Severn Trent profits rise by 7.1%

Harwich and Manningtree Standard: New Severn Trent boss Liv Garfield said the company needs to do better on issues such as sewer blockages, water quality at treatment works and supply interruptions New Severn Trent boss Liv Garfield said the company needs to do better on issues such as sewer blockages, water quality at treatment works and supply interruptions

A dry summer that boosted customers' thirst for water helped Severn Trent lift annual earnings and dividends as new boss Liv Garfield prepares to hammer out a new five-year plan with regulators amid pressure over household bills.

The group said underlying profit before tax rose 7.1% to £269.1 million for the year to March 31 and increased its shareholder pay-out with a pledge of another hike next year - despite bill rises being kept at or below inflation.

But Ms Garfield - the FTSE 100's youngest chief executive - said future pay-out policy could not be determined until Ofwat's final decision on its business plan for 2015-2020 at the end of this year.

The 38-year-old former BT high-flyer said Severn Trent would submit a revised plan for the period to the regulator next month. Ofwat wants firms to accept lower returns to help ease the strain on hard-pressed family finances.

Ms Garfield also spelled out where the company needed to do better - with sewer blockages, water quality at treatment works and lengthy supply interruptions "below the standards we set ourselves".

Severn Trent Water, the main division of the group that supplies 4.3 million households and businesses across the Midlands and parts of Wales, saw turnover increase 2% to £1.54 billion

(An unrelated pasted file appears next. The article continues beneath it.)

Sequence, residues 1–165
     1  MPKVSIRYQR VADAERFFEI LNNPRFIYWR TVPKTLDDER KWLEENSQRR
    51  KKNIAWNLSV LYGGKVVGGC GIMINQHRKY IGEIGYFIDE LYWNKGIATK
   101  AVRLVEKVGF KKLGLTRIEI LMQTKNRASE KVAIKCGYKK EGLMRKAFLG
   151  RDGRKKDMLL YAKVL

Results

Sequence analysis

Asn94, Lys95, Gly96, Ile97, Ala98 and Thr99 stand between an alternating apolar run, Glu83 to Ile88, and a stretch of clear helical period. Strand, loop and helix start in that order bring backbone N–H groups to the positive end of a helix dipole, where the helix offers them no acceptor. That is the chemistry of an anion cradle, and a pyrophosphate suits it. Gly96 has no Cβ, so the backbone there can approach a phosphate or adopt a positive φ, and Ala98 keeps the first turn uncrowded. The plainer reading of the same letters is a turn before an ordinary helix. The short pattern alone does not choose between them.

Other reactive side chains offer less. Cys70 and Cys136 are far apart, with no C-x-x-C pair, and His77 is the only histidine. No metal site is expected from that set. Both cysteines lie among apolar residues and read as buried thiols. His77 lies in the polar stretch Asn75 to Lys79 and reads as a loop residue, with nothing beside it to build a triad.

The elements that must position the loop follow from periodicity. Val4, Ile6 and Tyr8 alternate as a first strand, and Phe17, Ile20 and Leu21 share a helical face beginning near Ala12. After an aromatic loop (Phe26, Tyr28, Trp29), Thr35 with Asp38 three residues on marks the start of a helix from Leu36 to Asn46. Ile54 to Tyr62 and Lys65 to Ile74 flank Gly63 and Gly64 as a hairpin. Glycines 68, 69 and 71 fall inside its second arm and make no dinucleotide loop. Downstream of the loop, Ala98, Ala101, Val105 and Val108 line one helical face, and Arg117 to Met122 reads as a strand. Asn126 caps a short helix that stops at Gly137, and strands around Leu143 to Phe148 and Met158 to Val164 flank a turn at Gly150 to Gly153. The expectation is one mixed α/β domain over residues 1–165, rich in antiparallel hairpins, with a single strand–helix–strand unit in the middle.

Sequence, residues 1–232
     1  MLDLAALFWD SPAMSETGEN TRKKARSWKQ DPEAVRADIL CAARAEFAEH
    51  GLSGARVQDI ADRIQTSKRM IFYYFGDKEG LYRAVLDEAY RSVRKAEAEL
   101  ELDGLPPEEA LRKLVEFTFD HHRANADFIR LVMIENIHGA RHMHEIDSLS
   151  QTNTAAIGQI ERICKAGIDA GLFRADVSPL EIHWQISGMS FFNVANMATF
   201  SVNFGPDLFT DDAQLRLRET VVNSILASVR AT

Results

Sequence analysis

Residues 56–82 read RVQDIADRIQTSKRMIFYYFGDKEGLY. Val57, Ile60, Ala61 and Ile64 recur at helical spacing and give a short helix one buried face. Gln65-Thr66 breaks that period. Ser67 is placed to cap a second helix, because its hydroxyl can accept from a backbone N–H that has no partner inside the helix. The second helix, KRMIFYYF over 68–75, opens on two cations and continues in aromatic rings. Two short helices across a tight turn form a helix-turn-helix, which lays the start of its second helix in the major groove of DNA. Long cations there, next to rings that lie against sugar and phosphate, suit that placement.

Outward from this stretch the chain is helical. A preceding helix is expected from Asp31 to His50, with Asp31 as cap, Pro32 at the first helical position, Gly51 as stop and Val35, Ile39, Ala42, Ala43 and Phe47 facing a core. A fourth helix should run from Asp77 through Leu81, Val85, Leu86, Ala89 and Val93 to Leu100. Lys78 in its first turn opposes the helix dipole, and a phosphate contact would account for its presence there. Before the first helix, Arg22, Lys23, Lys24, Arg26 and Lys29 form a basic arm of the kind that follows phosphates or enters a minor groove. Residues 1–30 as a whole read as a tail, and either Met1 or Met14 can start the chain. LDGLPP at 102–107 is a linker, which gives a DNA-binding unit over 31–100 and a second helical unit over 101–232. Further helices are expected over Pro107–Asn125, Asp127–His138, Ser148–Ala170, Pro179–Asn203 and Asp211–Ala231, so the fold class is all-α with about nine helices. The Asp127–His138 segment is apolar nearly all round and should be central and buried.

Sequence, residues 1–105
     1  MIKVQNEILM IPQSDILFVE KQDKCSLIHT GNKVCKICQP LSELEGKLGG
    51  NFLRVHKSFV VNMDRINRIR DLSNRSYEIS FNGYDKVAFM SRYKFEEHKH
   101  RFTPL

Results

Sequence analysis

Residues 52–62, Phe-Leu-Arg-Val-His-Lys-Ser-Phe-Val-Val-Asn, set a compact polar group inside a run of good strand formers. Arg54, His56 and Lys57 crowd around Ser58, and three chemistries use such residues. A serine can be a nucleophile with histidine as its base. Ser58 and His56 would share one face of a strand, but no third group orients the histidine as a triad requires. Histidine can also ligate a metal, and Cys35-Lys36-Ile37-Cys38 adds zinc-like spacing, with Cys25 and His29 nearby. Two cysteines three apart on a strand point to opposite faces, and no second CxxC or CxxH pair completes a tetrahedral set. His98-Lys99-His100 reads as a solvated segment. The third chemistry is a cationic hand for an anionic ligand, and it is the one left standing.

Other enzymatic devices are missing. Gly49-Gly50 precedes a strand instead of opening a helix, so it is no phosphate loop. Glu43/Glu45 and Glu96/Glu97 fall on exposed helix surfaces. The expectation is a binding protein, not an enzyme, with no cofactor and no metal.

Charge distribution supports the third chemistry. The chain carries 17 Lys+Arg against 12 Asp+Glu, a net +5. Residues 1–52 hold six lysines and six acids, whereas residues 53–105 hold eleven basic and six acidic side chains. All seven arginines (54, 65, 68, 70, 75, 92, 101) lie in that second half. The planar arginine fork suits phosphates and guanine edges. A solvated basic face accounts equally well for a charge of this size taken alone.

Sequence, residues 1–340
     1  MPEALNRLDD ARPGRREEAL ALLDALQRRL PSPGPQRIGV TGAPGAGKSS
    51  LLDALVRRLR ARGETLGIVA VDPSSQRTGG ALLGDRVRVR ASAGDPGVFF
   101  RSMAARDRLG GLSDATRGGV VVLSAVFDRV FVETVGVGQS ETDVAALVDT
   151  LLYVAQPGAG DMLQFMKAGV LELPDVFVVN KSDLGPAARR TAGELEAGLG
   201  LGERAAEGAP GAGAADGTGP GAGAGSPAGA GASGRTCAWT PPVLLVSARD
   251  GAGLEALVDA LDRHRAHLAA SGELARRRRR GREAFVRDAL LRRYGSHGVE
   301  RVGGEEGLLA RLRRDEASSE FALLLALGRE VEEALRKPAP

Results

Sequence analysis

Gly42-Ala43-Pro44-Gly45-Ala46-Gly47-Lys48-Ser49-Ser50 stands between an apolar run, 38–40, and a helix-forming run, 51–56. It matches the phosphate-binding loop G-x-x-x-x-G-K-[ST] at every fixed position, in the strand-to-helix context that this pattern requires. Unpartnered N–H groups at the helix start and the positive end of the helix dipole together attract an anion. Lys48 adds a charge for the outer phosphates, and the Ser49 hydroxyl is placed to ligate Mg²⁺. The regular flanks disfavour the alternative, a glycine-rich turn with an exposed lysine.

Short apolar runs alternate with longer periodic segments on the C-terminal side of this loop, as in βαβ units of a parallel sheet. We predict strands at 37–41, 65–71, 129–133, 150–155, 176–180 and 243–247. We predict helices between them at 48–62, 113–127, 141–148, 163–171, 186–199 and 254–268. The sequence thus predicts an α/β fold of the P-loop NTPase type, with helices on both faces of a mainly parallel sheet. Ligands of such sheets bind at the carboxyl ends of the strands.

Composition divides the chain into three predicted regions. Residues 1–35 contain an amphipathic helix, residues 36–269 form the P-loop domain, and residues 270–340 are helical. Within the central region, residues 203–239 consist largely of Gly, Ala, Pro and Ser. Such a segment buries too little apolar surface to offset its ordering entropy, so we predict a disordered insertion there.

The company said: "The 2013 dry summer led to higher consumption from metered customers which increased turnover by £7.1 million year on year."

But Ms Garfield, who started as chief executive eight weeks ago, indicated that she was preparing to make her mark on the business after "exploring the organisation from top to toe".

She said: "We know there is much more we need to do to improve our processes, speed up decision making and raise our standards."

Ms Garfield faces a challenge in hammering out the water supplier's future plans with Ofwat.

The regulator has already sent back an initial submission despite the group setting out plans to lift investment by £600 million to £3.2 billion and keep price rises at an average of 1.2% below inflation.

Analysts fear that the final regulatory blueprint could cut the healthy dividends handed out to investors.

Severn Trent said it will submit a revised plan to Ofwat on June 27, and expects a final settlement in December.

The utility said it would lift its total dividend for the year by 6% and next year this will grow again by 5.6%. However, it cannot give further guidance on dividends until it reaches a settlement with the regulator.

Severn Trent said it invested £602.1 million in the business, compared to £555.4 million the previous year, to cut sewer flooding by 20% and supply interruptions by 45%.

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